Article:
Politicians feel television and radio grillings are “all risk” with almost “no opportunity”, Nick Robinson has said after Liz Truss cancelled an interview with him at the last minute.
The Conservative leadership frontrunner was to be interrogated by the senior BBC journalist in a face-to-face interview due to be broadcast at 7pm on Tuesday on BBC One. However, she pulled out on Monday because she could “no longer spare the time”.
Asked what events she was taking part in on Tuesday, her campaign said there was “nothing to flag today”.
A source from the foreign secretary’s campaign said she was not taking part in the interview, which she had agreed to, as she was focusing on winning as many votes as possible ahead of the leadership result on Monday and preparing for government.
Writing for the BBC, Robinson said he suspected that Truss had “yet to finalise her plans” on the cost-of-living crisis and was “reluctant to have that demonstrated on TV in front of an audience of millions”.
The BBC Radio 4 Today programme presenter added: “The BBC doesn’t believe it is entitled to interview those who govern or want to govern us. I’m all too aware of the huge pressure politicians, and their often very small teams, face.
“However, I do want to say why broadcast interviews matter for the health of our democracy. In this contest, tens of millions of people have had no say in the choice of their own leader. They want to see and hear their leaders questioned, challenged and tested.”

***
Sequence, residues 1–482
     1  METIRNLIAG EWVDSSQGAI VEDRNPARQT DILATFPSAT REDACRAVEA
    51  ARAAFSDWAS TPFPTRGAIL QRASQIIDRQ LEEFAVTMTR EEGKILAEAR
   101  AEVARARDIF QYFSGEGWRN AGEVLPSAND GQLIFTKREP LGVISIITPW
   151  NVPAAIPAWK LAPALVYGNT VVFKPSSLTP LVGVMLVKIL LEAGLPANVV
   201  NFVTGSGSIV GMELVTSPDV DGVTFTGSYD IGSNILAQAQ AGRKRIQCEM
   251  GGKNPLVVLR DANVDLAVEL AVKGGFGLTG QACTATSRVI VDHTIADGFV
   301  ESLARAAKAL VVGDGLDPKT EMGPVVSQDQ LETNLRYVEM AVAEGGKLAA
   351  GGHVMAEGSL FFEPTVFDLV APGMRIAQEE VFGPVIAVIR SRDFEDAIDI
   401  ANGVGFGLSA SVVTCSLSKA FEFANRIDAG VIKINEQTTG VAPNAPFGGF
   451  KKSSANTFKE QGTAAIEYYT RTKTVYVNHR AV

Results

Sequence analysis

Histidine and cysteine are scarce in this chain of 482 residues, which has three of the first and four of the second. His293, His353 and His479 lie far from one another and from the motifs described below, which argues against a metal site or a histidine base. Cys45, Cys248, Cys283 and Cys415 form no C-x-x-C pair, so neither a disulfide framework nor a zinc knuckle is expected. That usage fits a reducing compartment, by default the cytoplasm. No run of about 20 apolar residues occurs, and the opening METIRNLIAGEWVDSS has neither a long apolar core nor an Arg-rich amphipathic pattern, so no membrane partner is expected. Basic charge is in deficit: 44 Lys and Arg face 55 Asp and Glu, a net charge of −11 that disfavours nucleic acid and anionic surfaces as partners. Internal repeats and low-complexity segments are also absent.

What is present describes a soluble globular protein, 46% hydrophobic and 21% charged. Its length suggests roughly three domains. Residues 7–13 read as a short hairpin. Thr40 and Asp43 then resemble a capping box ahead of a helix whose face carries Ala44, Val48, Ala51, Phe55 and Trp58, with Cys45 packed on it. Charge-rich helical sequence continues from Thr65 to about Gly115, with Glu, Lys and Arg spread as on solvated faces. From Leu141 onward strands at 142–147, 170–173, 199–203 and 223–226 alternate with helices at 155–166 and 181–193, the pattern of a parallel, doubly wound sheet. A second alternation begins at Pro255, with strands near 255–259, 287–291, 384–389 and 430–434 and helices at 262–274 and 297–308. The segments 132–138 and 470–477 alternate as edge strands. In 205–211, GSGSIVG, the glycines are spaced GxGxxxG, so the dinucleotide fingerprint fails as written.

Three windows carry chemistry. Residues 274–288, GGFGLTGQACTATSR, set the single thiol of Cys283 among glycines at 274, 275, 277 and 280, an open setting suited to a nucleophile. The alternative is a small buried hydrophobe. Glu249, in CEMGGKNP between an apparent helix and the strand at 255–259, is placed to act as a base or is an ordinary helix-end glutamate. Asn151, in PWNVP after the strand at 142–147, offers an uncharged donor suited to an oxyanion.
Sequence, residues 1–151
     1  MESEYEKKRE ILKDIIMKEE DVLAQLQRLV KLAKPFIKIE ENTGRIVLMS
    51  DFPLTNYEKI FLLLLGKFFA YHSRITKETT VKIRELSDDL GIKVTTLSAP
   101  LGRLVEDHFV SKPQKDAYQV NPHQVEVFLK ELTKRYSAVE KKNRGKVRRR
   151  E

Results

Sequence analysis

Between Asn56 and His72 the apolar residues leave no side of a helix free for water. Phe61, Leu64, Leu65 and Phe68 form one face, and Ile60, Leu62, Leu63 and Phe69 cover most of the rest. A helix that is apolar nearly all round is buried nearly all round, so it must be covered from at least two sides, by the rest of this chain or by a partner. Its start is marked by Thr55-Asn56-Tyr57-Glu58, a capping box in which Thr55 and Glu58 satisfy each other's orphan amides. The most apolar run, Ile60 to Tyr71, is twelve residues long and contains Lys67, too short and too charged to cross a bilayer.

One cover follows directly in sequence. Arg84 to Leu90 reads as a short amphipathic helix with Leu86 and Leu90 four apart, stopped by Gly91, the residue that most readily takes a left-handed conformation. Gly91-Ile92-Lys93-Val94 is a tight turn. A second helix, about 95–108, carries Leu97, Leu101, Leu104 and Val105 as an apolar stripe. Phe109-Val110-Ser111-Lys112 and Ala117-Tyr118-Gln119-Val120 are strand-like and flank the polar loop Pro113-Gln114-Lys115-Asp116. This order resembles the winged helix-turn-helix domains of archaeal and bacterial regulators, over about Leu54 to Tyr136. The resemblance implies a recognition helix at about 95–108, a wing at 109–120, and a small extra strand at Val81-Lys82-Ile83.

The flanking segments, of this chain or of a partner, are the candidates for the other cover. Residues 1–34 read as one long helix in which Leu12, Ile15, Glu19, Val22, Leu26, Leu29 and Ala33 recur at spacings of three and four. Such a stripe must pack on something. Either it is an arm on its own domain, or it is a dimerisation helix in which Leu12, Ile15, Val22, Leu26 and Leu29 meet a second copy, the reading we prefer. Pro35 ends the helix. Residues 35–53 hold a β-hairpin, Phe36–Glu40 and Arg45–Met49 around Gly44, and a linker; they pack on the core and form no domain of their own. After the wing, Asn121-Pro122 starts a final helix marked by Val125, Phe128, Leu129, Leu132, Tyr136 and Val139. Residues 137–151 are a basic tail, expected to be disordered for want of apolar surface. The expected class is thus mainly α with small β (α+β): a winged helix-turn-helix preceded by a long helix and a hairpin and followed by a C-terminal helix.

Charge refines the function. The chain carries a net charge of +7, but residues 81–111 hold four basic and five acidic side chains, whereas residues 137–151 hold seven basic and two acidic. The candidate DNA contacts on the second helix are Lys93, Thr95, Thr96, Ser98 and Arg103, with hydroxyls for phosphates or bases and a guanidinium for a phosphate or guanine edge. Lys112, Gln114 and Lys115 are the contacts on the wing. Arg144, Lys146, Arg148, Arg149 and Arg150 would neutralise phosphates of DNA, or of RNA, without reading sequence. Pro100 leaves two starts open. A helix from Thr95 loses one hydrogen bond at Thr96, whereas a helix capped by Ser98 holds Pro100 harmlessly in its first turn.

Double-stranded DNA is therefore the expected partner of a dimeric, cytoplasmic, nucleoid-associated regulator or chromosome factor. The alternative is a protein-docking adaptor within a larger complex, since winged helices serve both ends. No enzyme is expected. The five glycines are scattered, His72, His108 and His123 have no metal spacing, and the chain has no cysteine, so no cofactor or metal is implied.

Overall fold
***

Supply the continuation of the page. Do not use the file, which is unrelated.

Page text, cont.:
A source in Sunak’s campaign said their tally showed Truss had done just two broadcast interviews of any form during the campaign, whereas the former chancellor had undertaken nine, which included three spots on BBC Radio 4’s Today programme and an appearance on ITV’s This Morning.
Robinson said politicians and advisers claimed interviews were no longer about “engaging in a grown-up conversation” and that instead of watching the interviews live, many “view short excerpts on social media, which are usually gaffes or grandstanding questions by preening interviewers”.
The BBC journalist insisted this was “up to a point”, as “about 2 million people watched my BBC One interview with Rishi Sunak” broadcast last month and “some 7 million listen to the big interviews on the Today programme”.
The broadcaster Andrew Neil said Truss refused an interview with him on Channel 4 during the leadership contest. Sunak agreed to be interviewed by the veteran journalist.
Boris Johnson, the prime minister, also pulled out of an interview with Neil on the BBC before the December 2019 general election despite all other leaders from the major parties agreeing to do so.
Robinson concluded: “The in-depth political interview is dead, say some. Boris Johnson hated them.
“Theresa May and Jeremy Corbyn weren’t much keener. I hope and believe they are wrong.
“That’s why I look forward to an in-depth interview with our next prime minister, whether it’s Liz Truss or Rishi Sunak.”